Some research shows that for the best results, DURATION is more important than intensity. 

Very high intensity short bursts of a minute or so also are very beneficial against what causes a stroke and for heart health.

  • Aim to work out at least four times per week for 40 minutes a session. If necessary, slow your pace to increase the amount of TIME spent exercising. With a normal heart rate, you can still get big results.

Best Anti Aging Fitness? Do Something, Anything!

Studies have supported the notion that a little activity goes a long way for senior fitness and anti aging.

  • The medical Journal Diabetes Care showed that ways of moderate keeping fit added nearly two and a half years to life expectancy for patients, compared with those who were sedentary.

A 2004 report by Swedish researchers showed that older adults who exercised ONLY ONCE A WEEK were 40% less likely to die during the 12-year study period than those who did nothing.

What's Wrong With the Old Fitness Message?

For years the medical community preached the need for vigorous aerobic activity and athletic fitness.

  • The trouble with this message is that most people think they need to take a daily jog or hit the gym several times a week to boost their health.

Even though people know to walk up stairs rather than take an elevator, or park a little further away, doctors say that their patients don’t believe this makes a difference.

  • When we get the message that moderate movement really does improve our health, we might be more inclined to take even a short walk or get some vacuuming done for our daily activity.
  • Many doctors are now hoping to undo the wrong impression caused by the aerobics movement.

They are trying to redefine how much to keep fit is really enough, and encourage their patients to think about "health fitness" rather than "athletic fitness."

Keeping Fit for Health or for Athletics?

It is of course still a great goal to be athletically fit, because it has clear benefits, such as improved muscle tone, energy levels and improved psychological well-being.

Don’t throw away that special equipment yet!

  • People who do work out vigorously several hours a week should definitely continue this because of the extra benefits, and those with a strong family history of heart disease might be advised to adopt a more vigorous fitness program as well.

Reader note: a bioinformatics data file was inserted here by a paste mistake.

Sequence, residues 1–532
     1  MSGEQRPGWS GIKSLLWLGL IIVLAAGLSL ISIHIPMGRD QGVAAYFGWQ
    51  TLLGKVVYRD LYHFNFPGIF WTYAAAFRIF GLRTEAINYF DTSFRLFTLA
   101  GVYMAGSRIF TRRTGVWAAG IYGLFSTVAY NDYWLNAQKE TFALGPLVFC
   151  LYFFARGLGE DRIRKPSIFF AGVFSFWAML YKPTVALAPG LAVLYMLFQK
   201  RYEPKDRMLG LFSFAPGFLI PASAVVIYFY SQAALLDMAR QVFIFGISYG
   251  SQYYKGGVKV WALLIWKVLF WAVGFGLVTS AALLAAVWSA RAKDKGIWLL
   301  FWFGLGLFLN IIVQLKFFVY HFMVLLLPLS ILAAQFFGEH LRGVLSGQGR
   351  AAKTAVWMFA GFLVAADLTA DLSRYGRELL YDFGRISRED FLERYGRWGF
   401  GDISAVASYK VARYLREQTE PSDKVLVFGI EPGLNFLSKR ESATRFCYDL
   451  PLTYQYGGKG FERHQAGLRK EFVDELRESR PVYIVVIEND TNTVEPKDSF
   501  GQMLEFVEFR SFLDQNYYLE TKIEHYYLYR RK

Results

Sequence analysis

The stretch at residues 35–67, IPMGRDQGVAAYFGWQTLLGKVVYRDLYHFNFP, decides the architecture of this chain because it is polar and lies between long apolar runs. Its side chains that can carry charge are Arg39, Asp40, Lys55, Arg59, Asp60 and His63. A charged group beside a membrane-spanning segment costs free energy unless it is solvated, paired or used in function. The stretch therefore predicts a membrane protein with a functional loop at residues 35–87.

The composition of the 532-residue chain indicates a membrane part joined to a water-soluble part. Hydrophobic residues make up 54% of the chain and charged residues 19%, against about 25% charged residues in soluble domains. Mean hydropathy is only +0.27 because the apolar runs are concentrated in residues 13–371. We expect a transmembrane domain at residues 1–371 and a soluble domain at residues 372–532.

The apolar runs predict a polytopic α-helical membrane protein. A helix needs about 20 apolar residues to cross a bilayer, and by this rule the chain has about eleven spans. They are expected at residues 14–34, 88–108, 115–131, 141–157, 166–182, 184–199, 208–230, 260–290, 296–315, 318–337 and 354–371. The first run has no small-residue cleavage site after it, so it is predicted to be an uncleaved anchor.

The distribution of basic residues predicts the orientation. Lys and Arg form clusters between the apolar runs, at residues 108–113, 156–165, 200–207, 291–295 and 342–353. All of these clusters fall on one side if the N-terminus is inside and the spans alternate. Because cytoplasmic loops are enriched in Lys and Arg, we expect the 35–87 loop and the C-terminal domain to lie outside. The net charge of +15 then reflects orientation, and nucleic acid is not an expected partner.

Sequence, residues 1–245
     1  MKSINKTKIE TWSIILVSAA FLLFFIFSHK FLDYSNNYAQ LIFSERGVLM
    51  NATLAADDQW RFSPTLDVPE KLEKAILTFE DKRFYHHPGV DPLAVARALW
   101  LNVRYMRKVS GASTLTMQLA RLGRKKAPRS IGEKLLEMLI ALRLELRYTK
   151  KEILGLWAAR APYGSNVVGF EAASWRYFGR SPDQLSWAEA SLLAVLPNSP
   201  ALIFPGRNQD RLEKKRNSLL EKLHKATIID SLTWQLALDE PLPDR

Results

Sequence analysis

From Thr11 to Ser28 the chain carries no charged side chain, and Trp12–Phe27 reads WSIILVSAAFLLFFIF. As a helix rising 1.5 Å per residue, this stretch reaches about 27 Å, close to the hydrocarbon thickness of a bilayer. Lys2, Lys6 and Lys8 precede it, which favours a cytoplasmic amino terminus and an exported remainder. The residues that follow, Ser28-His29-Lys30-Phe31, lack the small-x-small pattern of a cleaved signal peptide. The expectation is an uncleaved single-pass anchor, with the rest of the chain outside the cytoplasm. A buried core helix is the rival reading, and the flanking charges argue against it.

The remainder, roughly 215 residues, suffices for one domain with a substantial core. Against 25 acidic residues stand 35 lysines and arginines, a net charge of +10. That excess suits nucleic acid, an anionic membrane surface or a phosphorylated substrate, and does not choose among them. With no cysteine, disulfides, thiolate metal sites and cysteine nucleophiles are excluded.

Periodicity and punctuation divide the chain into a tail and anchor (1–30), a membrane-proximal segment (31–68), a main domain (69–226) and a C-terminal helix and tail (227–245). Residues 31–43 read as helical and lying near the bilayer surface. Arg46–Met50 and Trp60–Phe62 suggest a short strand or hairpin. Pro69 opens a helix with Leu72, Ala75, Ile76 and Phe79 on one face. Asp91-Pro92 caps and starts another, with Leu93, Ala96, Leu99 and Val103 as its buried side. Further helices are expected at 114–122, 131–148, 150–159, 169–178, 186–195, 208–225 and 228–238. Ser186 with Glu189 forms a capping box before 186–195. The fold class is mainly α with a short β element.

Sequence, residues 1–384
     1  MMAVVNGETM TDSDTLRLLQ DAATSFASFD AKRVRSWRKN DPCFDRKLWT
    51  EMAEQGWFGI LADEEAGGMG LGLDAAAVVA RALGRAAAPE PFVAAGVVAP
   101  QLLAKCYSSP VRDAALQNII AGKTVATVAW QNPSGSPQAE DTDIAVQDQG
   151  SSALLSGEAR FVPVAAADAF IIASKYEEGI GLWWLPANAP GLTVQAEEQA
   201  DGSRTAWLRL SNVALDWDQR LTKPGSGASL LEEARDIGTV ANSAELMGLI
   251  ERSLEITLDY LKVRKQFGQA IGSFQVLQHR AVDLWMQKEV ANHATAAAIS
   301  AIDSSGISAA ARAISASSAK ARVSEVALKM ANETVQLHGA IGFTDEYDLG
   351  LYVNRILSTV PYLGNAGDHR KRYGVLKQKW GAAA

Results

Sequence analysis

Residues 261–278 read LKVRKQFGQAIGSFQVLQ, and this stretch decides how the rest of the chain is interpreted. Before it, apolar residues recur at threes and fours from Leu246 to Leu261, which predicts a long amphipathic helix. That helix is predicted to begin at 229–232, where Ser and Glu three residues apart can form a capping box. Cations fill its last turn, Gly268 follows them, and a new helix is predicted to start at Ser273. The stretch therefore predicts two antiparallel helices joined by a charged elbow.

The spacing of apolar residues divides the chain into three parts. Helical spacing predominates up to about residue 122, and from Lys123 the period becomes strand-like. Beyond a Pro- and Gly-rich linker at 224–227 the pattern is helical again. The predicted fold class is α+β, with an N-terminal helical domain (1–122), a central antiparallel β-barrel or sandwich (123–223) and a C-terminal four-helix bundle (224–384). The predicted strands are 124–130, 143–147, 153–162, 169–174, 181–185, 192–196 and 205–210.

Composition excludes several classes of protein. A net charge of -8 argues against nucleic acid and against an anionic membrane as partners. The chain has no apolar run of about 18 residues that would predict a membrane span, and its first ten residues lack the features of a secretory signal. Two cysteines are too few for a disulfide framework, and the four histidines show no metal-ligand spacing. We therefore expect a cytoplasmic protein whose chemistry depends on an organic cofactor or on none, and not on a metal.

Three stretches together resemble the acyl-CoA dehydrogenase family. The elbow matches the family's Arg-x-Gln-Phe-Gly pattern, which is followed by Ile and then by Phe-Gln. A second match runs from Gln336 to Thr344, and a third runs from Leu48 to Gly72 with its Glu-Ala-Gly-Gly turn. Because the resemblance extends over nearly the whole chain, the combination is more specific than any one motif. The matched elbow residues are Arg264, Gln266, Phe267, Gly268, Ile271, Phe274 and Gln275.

And if you enjoy a physical challenge, all the better!

Yoga Curbs Weight Gain

Even though yoga is not aerobic, and not a big calorie burner, it may still stave off that middle age spread.

  • A survey that tracked weight gain in 15,500 adults from age 45 to 55 revealed that the normal-weight people who practiced yoga at least 30 minutes a week for 4 of those years gained 3 fewer pounds than those who didn’t.

Even better, overweight yogis lost 5 pounds over the decade, while their non-yoga practicing peers gained an additional 14.

Evidently, relaxation, stretching and awareness come into play for fitness as well.

Don’t Sweat The Fitness Thing

While the experts are re-defining keeping fit for health rather than for athletics, remember that the big benefits come from SMALL INCREASES IN ACTIVITY.

  • No doubt we can all think of a few extra fun things that include moving or walking that can increase calorie burning and our well being.

We might even get inspired to do the housework that has been ignored. Now that this is officially counts, maybe the vacuuming will get done more often!

Dr Oz and Dr Roisen also say to "ditch the scale in favor of the tape measure." Why?

  • Keeping fit exercise ideally focuses on WAIST-Loss instead of WEIGHT Loss!

For one healthful reason: Waist size is more important than weight, because belly fat is so strongly linked to many health risks.

So while belly weight loss is important, it will happen with increased movement and a belly fat loss diet.

Running: LESS Pain MORE Gain

If you enjoy running, you will want to take a few tips from children and Kenyans -- the world's best long-distance runners, who even though they have small leg muscles, they are always winning races.

  • The secret, apparently, is that they loosely swing their arms, shoulders and hips.

Children also run loose like this because their muscles havn't tightened up from years of being sedentary most of the day without a natural flow of keeping fit.

  • Fitness experts are now finding that such a "natural posture" eliminates injuries and improves speed. With such very subtle differences, people can eliminate shin splints, stress fractures and calf problems.

Scientists are studying these natural techniques developed by elite athletes Roger Davies and Helly Visser.

Easy & Fun Healthy Heart Rate Fitness

Whether you want aerobic or stretching exercises, yoga or arthritis exercise, lower back exercises, pilates exercises for best ab exercises or to lose weight, here's help to get started:

Have your next vacation be:

Walk Away The Pounds:

The best way for you to get started with home exercise equipment may be with a mat, exercise bands for pilates exercises, for normal heart rate activities.

Or you may want healthy heart rate exercise bike with used exercise equipment or inexpensive marcy exercise equipment for weight loss or toning.

Normal Heart Rate Exercise to Lose Belly Fat & Prevent a Heart Attack & What Causes a Stroke